Draw a line under it and move on

PUBLISHED: 16:33 25 November 2006 | UPDATED: 09:51 14 September 2010

It's not been the most memorable of weeks: last Sunday's disaster, Luke Chadwick's unfortunate injury on his City debut and a blank in the end of year loan market.

It's not been the most memorable of weeks: last Sunday's disaster, Luke Chadwick's unfortunate injury on his City debut and a blank in the end of year loan market.

As our dear friends from down the A140 celebrate what is almost certainly going to be their only highlight this season, I think for us we can do no more but draw a long bold line under the last few days and push on.

For those of us living in and around the capital, the opportunity to watch football is never very far away. Just 48 hours after the derby match, I swapped the traditional English football experience for a 21st century stadium and good old fashioned 'dog' burgers for classy, if barely affordable, prawn sandwiches. For the first time, I was invited to the new home of Arsenal, the Emirates Stadium.

The exclusive Champions League ground, with its controlled advertising, fancy classical music and top dollar rewards, is light years away from a home fixture with Hull City. Welcome to the world of highly-paid international stars, elite corporate hospitality and global-scale media exposure; a shock to the system.

Did I enjoy it? Yes, I loved it. A few too many prima donnas on the pitch perhaps and an atmosphere that didn't nearly befit the almost 60,000 attendance, but I loved it.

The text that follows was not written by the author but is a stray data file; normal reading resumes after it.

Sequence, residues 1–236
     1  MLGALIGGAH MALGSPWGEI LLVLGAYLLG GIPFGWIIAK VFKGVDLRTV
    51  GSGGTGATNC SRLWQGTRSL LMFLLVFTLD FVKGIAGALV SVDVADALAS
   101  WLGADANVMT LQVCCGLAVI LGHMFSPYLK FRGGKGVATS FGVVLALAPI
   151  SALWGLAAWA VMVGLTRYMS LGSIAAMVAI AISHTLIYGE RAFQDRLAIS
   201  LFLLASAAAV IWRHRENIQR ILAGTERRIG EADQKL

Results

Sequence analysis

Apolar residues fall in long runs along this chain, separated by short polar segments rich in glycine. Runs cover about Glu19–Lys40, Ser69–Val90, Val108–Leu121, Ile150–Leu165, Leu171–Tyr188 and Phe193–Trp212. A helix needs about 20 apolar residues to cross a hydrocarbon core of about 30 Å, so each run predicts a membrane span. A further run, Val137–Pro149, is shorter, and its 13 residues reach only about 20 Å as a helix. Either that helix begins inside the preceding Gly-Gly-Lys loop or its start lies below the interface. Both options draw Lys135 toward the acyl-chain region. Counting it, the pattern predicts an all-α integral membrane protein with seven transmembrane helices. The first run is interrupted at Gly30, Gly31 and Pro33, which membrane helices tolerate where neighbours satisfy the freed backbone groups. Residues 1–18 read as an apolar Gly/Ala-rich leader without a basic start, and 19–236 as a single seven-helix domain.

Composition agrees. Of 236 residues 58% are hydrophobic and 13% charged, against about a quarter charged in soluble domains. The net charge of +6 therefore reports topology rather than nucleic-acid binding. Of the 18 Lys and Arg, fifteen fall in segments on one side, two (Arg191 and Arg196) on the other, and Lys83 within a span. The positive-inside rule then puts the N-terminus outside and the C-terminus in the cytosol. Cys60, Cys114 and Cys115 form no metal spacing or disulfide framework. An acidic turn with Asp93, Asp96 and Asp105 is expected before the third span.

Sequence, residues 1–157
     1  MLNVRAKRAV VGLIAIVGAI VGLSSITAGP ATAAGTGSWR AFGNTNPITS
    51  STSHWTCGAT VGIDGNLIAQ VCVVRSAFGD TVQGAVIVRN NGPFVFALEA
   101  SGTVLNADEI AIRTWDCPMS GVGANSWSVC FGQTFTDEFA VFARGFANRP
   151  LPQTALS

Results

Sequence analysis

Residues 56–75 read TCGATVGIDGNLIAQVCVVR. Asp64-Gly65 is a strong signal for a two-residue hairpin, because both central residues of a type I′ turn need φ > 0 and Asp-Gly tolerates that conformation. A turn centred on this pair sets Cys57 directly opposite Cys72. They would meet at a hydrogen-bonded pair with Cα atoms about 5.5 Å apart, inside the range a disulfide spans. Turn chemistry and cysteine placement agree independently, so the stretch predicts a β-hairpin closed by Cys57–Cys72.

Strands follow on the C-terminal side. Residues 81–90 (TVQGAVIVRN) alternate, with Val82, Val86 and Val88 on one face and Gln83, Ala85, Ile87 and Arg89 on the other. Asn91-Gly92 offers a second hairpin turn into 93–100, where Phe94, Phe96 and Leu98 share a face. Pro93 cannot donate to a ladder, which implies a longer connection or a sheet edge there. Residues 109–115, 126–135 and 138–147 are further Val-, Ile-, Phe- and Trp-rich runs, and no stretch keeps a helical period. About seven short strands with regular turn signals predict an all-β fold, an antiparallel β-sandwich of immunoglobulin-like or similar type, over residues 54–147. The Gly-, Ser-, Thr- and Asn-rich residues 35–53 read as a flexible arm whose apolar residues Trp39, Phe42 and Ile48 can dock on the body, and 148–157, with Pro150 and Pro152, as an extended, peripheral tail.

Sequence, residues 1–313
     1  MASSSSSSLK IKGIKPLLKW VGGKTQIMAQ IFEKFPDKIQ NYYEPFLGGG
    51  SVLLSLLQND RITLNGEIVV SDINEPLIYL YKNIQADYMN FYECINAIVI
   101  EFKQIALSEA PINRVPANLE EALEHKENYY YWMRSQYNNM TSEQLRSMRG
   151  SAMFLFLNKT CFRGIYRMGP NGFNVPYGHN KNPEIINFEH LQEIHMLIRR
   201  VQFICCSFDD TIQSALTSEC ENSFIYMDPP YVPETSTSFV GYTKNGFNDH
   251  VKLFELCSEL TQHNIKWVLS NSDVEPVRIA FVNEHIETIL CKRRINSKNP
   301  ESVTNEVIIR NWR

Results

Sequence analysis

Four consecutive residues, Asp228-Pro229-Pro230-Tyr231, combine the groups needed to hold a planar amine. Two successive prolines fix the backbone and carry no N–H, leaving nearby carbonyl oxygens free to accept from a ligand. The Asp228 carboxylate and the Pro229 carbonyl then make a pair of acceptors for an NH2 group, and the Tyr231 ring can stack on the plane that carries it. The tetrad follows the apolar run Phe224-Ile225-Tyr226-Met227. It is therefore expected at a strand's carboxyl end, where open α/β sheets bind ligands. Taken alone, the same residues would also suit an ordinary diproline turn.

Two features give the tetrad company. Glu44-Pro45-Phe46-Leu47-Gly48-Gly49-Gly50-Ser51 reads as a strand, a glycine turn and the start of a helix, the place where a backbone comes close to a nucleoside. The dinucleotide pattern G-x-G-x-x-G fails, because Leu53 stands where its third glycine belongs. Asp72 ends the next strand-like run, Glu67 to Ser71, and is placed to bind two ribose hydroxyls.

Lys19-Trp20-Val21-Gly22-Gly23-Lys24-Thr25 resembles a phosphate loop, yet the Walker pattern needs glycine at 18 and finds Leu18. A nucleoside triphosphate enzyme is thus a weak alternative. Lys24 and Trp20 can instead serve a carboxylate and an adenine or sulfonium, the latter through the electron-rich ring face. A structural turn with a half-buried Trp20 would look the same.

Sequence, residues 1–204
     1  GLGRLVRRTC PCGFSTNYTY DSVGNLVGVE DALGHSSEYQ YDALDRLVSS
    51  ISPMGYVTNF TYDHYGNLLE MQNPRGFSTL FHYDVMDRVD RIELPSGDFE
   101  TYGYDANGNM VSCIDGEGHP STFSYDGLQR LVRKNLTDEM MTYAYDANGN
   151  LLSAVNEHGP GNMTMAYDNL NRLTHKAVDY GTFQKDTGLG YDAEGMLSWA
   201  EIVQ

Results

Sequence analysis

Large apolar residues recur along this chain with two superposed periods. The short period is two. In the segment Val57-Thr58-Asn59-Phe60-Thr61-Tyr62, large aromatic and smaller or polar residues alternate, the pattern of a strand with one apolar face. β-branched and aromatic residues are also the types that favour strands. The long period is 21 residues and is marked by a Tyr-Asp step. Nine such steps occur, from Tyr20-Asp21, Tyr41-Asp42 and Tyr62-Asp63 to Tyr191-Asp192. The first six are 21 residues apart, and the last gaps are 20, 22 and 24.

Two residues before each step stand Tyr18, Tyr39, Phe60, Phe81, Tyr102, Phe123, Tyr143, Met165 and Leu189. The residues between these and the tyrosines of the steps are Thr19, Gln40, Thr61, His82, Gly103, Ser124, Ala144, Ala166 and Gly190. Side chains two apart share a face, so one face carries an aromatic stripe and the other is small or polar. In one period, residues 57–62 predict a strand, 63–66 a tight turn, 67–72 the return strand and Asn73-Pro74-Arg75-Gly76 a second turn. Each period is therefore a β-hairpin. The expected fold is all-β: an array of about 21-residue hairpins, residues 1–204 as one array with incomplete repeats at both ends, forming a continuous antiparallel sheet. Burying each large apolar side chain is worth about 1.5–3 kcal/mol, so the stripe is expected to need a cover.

These are rapidly changing times in the history of our game. If we stop to look around, many of the great football theatres of yesteryear are no more and they have been replaced by venues which are beginning to shape the future of how and where we watch our beloved teams.

Perhaps more pertinent is the ever-widening and frighteningly obvious gap between the giants and the rest of us. Believe me, I've never felt this more than on Tuesday evening. But our own Mr Grant has spent some of his own time touring the great and the good of the English top flight, so he for sure is only too aware of just what the challenge for us is. Seems an awful steep climb at the moment, but I guess the Readings, Wigans and Watfords of this world give hope to us all.

After all, West Ham were where we are now only two short seasons ago. Following a turbulent couple of months, they now find themselves on the brink of joining the country's high-rollers and their manager is even talking about European qualification.

What is the saying? “Every long journey starts with a tiny step.” Whatever happens, I think I'll stick to my dog burgers.

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